Artificial intelligence was used to create fake, sexually explicit images of Taylor Swift late last month. One image shared by a user on X was viewed over 47 million times before the account was suspended. Swift is reportedly furious and considering legal action. It’s one of the dark sides of AI people have been worried about.

What does that have to do with the Utah Legislature? Well, as far as I know, there are no surprise visits for Swift to testify in committee. But, there are a couple of bills trying to tackle this problem of AI-generated explicit images. One is SB66 being run by Sen. Karen Kwan, D-Murray, and one is HB148, sponsored by Rep. Ariel Defay, R-Kaysville.

Kwan’s bill would add one word to current law prohibiting “counterfeit intimate images,” and that word is “generate.” Defay’s bill would specifically prohibit the use of AI to generate child pornography.

If you’re interested in following those bills (or any of the hundreds of others), keep reading.

Every year, Utah’s part-time Legislature meets for 45 consecutive calendar days (taking weekends and Presidents Day off). This year, the session began on Jan. 16 and will adjourn sine die on March 1 at 11:59 p.m. We hit the halfway point this week.

At the beginning of this week, the Legislature had passed 58 bills. By the end of the session, that number will be nearly 10 times that many, somewhere closer to 600 bills. There are currently 762 bills named, numbered and drafted, with even more in process. That’s a lot of bills.

How to follow bills

Following the progress of specific bills may seem daunting, but the good news is, there are ways to do it.

To start, go to the award-winning Utah legislative website at On the home page, you will see a monthly calendar on the left and a daily calendar on the right. The daily calendar shows you floor time, when senators and representatives will all be on the Senate or House floor, respectively, to debate bills as an entire body.

Screen shot of Utah’s legislative website

It also shows you committee meeting times, with a clickable agenda, so that you can see each day’s bills being discussed in committee. You can watch or listen to floor proceedings, and you can watch, listen and testify in committee hearings, either in-person or online.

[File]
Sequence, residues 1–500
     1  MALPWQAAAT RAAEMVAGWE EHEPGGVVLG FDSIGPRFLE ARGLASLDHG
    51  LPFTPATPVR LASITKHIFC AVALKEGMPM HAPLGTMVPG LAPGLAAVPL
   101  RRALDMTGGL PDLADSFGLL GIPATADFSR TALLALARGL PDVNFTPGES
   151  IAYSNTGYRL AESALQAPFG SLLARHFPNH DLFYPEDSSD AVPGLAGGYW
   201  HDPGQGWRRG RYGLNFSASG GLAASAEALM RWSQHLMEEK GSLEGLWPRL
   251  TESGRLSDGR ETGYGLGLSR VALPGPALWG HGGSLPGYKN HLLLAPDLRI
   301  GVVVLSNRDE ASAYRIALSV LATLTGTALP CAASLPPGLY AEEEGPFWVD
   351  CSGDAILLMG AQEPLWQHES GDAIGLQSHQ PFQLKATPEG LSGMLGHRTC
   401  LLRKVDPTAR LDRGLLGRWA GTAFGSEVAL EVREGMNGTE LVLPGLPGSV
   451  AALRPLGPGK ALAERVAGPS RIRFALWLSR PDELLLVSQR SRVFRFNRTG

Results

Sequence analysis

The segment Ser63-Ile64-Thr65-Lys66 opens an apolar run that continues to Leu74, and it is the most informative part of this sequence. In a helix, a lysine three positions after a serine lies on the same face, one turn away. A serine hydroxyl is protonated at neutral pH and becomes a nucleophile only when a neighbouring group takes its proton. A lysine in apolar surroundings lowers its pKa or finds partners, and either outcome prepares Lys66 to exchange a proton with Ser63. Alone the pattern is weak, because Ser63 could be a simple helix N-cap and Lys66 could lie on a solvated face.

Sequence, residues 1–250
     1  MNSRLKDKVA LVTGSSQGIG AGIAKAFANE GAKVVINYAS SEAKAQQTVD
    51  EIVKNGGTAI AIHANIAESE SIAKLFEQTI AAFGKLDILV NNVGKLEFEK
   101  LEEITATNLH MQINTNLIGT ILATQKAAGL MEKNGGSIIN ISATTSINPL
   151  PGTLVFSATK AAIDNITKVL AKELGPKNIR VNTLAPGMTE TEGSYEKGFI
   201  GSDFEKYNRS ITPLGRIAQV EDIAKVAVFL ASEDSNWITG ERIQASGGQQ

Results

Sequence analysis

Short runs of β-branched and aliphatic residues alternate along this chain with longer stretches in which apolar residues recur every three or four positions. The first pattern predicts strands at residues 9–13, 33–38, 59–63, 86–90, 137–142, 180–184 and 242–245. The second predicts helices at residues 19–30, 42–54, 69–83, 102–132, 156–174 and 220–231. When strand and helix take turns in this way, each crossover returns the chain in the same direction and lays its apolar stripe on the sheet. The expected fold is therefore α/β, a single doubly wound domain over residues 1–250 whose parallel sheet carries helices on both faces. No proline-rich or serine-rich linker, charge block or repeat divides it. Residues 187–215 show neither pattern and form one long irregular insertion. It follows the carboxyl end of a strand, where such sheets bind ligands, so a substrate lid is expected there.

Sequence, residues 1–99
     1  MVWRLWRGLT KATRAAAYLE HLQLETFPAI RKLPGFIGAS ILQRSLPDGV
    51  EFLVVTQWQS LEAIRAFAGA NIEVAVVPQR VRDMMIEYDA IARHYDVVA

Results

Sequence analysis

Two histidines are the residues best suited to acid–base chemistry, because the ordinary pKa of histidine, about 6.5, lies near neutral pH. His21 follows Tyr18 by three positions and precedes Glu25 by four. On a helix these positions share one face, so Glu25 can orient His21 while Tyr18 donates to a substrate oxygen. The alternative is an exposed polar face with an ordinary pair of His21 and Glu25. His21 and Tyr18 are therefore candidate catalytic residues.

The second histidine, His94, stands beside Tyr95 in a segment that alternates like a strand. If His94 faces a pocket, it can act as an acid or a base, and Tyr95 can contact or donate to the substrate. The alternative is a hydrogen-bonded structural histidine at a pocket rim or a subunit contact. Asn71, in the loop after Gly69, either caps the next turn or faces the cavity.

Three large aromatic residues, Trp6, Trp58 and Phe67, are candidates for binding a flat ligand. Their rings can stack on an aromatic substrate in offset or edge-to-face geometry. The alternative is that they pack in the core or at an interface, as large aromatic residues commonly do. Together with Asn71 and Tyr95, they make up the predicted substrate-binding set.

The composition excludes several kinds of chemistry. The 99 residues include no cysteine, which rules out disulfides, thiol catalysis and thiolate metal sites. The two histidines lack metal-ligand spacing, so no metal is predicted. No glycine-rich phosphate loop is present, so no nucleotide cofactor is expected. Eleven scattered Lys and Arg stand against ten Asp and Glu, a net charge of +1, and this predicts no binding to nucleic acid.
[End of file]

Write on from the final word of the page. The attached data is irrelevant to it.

For specific bills, you can sign up for the Utah Legislature’s bill tracker and choose to get updates whenever the bill status is updated, or you simply search for the bill number. Let’s take SB66 Criminal Offense Amendments, by Kwan.

We could call it the Taylor Swift bill.

The difference 1 word in a Utah law could make for victims of AI generated pornography
The future is here

If you signed up to track this bill at the beginning of the session, you would have received notifications that the bill was assigned to the Senate Rules Committee, and then assigned to the Senate Judiciary, Law Enforcement and Criminal Justice Committee, where it passed unanimously. Then, the bill went to the Senate floor, where it passed unanimously on both the second and the third reading, The bill was then sent to the House, where it was read. It then went to the Rules Committee and was assigned to the House Economic Development and Workforce Services Committee, where it will be heard on Thursday afternoon. If the bill passes the House committee as expected, it will go to the House floor, where Rep. Stephanie Gricius, R-Salt Lake City, will present it to the House.

If you missed any of the hearings or debate, you can click on the tab at the top of the bill page that says “Hearings/Debate” and listen. All debates and hearings are public and recorded.

Holly Richardson is the editor of Utah Policy.